- The Washington Times - Sunday, October 18, 2009

The year 2009 is proving to be a baby-bust period in the nation’s history as new data show that many couples are now either waiting or dialing down their hopes to start or enlarge their family.

Demographers report that the ongoing recession may send the nation’s birthrate into a nose dive. Although states report vital statistics differently and some data are unavailable for 2009, there is increasing evidence that money woes may have kept couples from expanding their families as concern over job security and finances has mounted over the past year.

“It may well be that couples saw it coming,” said Carl Haub, a senior demographer at the Washington-based Population Reference Bureau, who has tracked shifts in birthrates as influenced by the economy.

With record unemployment and job losses, the bursting of the housing bubble and a mass of foreclosures, along with sagging consumer confidence, some measures are pointing to a significant drop in the birthrate, perhaps greater than historic declines marked by the Great Depression in the 1930s and the oil-fueled recession of the 1970s, he said.

“I think we are starting to see something,” he said, adding that new birthrate figures from 2009, for example, show a 7 percent dip in Arizona and a 5 percent drop in Missouri.

“Seven percent is actually very significant,” he said of the Arizona figure. “It does seem that we are starting to see that first little edge of a trend.”

A survey released in September by the Guttmacher Institute found that 64 percent of low- and middle-income women said “no” to having another child because they couldn’t afford it.

The study, “A Real-Time Look at the Impact of the Recession on Women’s Family Planning and Pregnancy Decisions,” was conducted in July and August and surveyed 1,000 women between the ages of 18 and 39. It found that more than one out of four women or their partners had lost health insurance or jobs over the past year. Of those concerned about finances, nearly a third said they were now more careful about using birth control.

It also found that women were skimping on monthly birth-control pills or seeking less expensive forms of contraception or none at all in order to save money. One in four women surveyed have delayed a trip to the gynecologist, and the same proportion said they were having a tougher time paying for birth control in the past year.

Erin Mallants Rodriguez, a mother of two who is expecting her third child in November, said she and her husband could afford to have another child because they moved from Miami to Texas. If they’d stayed in South Florida, where they both grew up, “we could never have done this.”

“With the high cost of living there and the economy, we were always in the red,” said Mrs. Rodriguez, 33, a former television producer who now lives in San Antonio, where she said the cost of living is less expensive.

“For us, being in Miami and having more kids was out of the question,” she said. “I think we were really lucky that we moved and that made a third child possible, but I can definitely see why this recession would make some women think” about expanding their families.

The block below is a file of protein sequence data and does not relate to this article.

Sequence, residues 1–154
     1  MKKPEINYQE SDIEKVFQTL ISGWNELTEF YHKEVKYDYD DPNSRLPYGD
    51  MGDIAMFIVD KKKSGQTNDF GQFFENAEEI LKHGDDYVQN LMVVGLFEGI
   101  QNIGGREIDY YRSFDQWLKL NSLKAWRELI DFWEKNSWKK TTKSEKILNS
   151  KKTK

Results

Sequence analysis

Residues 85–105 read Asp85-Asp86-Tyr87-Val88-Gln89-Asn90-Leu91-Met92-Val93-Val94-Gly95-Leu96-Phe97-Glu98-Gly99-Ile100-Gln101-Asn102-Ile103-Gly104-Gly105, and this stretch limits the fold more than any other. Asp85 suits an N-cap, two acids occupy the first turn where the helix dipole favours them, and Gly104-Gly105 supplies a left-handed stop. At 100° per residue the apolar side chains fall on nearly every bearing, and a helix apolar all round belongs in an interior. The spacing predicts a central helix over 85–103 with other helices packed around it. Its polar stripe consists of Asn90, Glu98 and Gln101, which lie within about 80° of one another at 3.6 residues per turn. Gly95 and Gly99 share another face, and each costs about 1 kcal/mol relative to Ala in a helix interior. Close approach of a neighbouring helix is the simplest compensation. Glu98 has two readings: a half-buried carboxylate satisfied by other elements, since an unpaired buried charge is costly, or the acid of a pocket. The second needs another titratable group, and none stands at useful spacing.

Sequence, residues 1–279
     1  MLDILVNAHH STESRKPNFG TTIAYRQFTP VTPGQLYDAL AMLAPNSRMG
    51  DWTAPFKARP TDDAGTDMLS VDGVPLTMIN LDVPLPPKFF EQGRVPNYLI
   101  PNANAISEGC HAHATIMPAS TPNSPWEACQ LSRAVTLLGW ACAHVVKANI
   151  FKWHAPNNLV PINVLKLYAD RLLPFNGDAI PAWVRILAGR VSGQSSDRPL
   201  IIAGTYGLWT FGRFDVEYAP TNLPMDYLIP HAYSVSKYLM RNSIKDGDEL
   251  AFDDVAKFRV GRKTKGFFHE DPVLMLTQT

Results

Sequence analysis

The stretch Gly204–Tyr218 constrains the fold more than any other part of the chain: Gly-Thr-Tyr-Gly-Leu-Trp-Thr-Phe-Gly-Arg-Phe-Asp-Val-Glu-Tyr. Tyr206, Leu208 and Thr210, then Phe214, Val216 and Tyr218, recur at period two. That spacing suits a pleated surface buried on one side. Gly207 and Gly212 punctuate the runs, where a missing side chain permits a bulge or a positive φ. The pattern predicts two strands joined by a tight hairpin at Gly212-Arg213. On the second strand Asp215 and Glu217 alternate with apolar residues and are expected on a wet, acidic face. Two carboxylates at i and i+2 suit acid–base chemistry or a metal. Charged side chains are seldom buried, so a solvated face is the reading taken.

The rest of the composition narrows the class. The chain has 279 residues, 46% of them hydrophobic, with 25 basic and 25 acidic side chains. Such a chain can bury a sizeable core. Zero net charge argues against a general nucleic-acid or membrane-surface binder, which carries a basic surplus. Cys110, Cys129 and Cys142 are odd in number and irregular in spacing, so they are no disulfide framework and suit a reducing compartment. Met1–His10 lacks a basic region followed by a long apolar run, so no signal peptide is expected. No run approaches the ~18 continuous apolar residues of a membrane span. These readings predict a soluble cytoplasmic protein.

The Atlanta-based Centers for Disease Control and Prevention reported that 2007 saw a record national birthrate increase to more than 4,317,119 births. Provisional data from the center’s National Vital Statistics Report showed 3,898,000 births from January through November of 2008, down from 3,959,000 from the same time period in 2007. More current data was not yet available, the CDC said.

In Virginia, the Department of Health reported 108,417 live births for 2007 with a preliminary count of 105,179 for 2008. In Maryland, health department statistics showed 78,057 births in 2007 and 77,252 births in a preliminary report for 2008.

Intercountry adoptions also declined in recent years. According the U.S. State Department’s Web site, 19,613 children were adopted from foreign countries in fiscal year 2007, while only 17,438 adoptions occurred in fiscal year 2008.

Historically, times of economic hardship have sent birthrates falling. In the 1930s, Mr. Haub said, birthrates hit their lowest point in history, at 2.1 children per woman. They slowly increased during the Baby Boom years after World War II.

Then, with the rise of feminism in the 1960s, improvements in birth control, and abortion becoming widely available in the wake of the 1973 Roe v. Wade decision by the Supreme Court, birthrates started to tank. That, coupled with high inflation and the oil crisis, sent the birthrate to historic lows again, to 1.7 children in 1976.

“It’s never been that low again,” he said.

But news on the current birthrate decline isn’t all grim. “I don’t think this is universal,” Mr. Haub said.

In some families, when a wife is laid off, it is seen as a perfect time to have another child, and some are doing just that. “If they have insurance, then why not use that time to have another baby,” Mr. Haub said.

Because families in the U.S. have become more transient, some traveling far from where they were raised for new and better jobs, the tight economy also may make paying for child care tougher - yet another reason some may hold off on having children, he said.

“One of the things that makes it a little harder to have a child is that so many of us move away,” he said. “Grandma has to fly to visit. She doesn’t live down the street anymore. And that has a big effect in that you have to replace that with some fairly expensive child care.

“A lot of people are going to come through this just fine, but I think we are starting to see those who have put off a decision outnumber those who have decided to go ahead.”

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